“All I see is confusion if there’s just a single election,” said Crowell of the legislation passed earlier this year canceling the 2018 judicial primary election. “Elimination of judicial primaries is an awful decision.”
Crowell is retired associate director of the Institute of Government at the UNC School of Government and former director of the Commission for the Future of Justice and the Courts in North Carolina, which studied judicial reform in the 1990s. He thinks a lawsuit filed Tuesday in U.S. District Court makes a legitimate claim that S.B. 656 violates the U.S. Constitution by denying political parties the right to choose their own candidates to appear on general election ballots.
That said, longtime General Assembly attorney Gerry Cohen notes Supreme Court precedents have allowed free-for-all primaries pitting candidates of all parties against one another with the top two finishers appearing on the general election ballot — even if they belonged to the same party.
The N.C. Democratic Party and local Democratic parties in Cumberland, Durham, Forsyth, Guilford, Mecklenburg, Orange, and Wake counties filed the lawsuit. It claims eliminating the spring judicial primary deprives Democrats of constitutionally protected rights of political association under the First and 14th amendments. It asks the court to reinstate the judicial primary election, and allow candidate filing to begin Feb. 12 for about 150 judicial elections for races ranging from District Court to Supreme Court.
Senate leader Phil Berger, R-Rockingham; House Speaker Tim Moore, R-Cleveland; the N.C. Bipartisan State Board of Elections and Ethics Enforcement; and the board’s executive director Kim Strach are named as defendants.
Berger cried foul.
“Unable to win control of the legislature at the ballot box or to sustain the governor’s veto of legislation that doesn’t serve their political goals, [Gov.] Roy Cooper and the Democrat Party are now attempting to turn the judiciary into a full-time partisan battleground to achieve political outcomes they don’t have the votes to deliver on their own,” Berger said in a written statement.
Cooper spokesman Ford Porter said Republicans started the political hijinks.
“This legislature wants to take over the courts for political purposes, and is threatening an independent judiciary,” Porter said.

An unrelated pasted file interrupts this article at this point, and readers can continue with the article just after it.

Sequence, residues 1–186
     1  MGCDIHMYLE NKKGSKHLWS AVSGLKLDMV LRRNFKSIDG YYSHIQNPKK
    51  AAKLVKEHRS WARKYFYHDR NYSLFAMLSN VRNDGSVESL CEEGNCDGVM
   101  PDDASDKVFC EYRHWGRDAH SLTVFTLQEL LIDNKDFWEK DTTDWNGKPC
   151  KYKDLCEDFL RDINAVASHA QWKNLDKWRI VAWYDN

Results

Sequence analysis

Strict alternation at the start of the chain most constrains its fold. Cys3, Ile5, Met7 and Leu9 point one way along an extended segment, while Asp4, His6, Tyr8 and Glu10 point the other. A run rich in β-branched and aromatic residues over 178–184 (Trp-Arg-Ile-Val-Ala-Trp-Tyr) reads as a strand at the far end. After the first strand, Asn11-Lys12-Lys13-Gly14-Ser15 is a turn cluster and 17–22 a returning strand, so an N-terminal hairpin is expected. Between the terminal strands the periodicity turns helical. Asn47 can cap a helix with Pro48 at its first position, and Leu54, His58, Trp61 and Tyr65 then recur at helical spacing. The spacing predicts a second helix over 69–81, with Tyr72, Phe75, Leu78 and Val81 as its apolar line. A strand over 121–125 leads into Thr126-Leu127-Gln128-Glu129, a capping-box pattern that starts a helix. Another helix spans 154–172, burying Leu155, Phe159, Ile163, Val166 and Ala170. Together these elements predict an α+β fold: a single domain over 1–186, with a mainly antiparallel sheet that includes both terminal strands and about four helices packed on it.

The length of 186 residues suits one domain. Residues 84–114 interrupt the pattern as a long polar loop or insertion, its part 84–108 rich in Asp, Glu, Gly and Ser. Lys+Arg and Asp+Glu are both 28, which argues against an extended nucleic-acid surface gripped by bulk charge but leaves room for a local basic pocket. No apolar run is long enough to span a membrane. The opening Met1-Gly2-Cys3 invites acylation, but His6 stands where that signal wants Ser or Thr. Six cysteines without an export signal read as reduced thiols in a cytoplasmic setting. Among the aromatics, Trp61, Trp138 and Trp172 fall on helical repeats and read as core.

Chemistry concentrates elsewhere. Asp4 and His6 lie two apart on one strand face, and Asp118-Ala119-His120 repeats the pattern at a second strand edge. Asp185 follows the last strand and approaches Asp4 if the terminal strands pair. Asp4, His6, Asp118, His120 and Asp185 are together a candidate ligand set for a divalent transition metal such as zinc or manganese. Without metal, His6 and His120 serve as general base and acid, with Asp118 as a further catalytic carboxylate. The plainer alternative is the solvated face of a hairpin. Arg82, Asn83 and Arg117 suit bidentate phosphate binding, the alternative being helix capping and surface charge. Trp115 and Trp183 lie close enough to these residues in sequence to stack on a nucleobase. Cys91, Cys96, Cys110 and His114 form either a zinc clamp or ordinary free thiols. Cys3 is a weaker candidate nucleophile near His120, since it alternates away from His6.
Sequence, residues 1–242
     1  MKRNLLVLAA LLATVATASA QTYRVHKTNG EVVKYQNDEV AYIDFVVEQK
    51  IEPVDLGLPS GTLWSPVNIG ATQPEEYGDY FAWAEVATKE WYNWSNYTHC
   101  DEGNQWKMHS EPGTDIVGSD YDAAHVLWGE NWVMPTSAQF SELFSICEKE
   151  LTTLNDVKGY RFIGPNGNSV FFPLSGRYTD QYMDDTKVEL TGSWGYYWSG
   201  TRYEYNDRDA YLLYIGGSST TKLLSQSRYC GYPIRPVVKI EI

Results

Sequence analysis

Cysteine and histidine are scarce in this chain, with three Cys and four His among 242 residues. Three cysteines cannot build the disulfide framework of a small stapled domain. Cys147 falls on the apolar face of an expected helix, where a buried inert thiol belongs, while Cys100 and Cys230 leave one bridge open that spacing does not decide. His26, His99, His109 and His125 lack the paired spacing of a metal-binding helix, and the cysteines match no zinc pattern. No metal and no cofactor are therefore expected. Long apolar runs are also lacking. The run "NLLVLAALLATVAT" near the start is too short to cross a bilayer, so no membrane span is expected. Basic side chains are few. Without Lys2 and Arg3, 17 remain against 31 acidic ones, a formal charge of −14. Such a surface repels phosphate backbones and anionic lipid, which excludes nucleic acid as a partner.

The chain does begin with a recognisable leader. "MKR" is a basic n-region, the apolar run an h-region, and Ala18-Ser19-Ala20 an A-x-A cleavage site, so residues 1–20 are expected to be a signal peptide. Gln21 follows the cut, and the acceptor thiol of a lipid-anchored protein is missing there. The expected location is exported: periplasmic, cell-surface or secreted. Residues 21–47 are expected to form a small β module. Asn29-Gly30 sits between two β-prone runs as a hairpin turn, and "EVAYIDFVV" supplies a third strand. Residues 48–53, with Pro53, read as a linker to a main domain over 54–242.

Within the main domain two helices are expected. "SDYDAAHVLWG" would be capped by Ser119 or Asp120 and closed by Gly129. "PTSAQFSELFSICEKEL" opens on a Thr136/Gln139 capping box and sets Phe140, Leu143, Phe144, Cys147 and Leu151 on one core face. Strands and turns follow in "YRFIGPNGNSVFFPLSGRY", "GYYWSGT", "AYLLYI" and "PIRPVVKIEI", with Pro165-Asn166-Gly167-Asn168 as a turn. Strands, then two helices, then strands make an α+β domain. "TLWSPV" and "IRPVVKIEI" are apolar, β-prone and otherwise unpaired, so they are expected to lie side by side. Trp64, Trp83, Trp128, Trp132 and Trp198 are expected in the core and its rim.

“I don’t care whether Democrats or Republicans are elected, and I don’t really think we should be electing judges in the first place,” Crowell said.
Democrats have a legitimate claim, he said. The U.S. Supreme Court has recognized several times that a political party has an interest in deciding how its candidates are selected. Though facts of those cases differed, the North Carolina suit makes claims that fit the court’s previous rationale.
The suit says a free-for-fall general election in which all comers run against one another would deny Democrats the ability to choose their preferred candidates for a partisan general election.
Crowell cited several practical reasons to keep judicial primaries:
- Voters pay scant attention to judicial elections, don’t know who the candidates are, and don’t know much about the offices. This lack of knowledge discourages voting in judicial races. Eliminating the primary would give voters even less information about the candidates in the general election.
- More candidates would run in a winner-take-all single election because each one’s chance to win could increase. In a 2014 single election, 19 candidates competed for one Court of Appeals seat. Without the primary filtering process, unqualified candidates would have a better shot of defeating qualified candidates.
The lawsuit says every party has the right to hold a primary to select a standard-bearer for its message. The primary winner would be “the party’s ambassador to the general electorate in winning the public over to the party’s views.”
Democrats may not favor partisan judicial elections, Crowell said. But since candidates run under party affiliations, each party has an interest in deciding who will bear its label in a general election.
Nor does Crowell buy Republicans’ argument that potential changes next year in judicial district maps — or a possible move from electing judges to appointing them — justified canceling the primary.
Eliminating the spring primary isn’t necessary, he said. Changing from elections to appointments would require a constitutional amendment and a ballot referendum. Any such referendum, if it passed, would take effect after 2018, so judges will be elected in 2018. A primary still could be held, in the spring or later. The state has held primaries as late as September.
Gerry Cohen, retired General Assembly special counsel, said North Carolina has had free-for-all judicial elections in the past. Party affiliations didn’t appear on ballots then. Judicial elections are now “quasi-partisan.”
Though circumstances are different, Cohen said the U.S. Supreme Court has rejected claims in two states similar to those raised in the North Carolina suit.
Washington and California hold “top two” primary systems. Under that blanket election, all primary candidates run against one another. The top two vote-getters advance to the general election regardless of party. Political parties unsuccessfully challenged that election method on First Amendment grounds similar to the ones Democrats are raising in the N.C. lawsuit, Cohen said.
In California’s 2016 U.S. Senate race to succeed retiring Sen. Barbara Boxer, for instance, two Democrats faced one another in November, with state Attorney General Kamala Harris defeating U.S. Rep. Loretta Sanchez.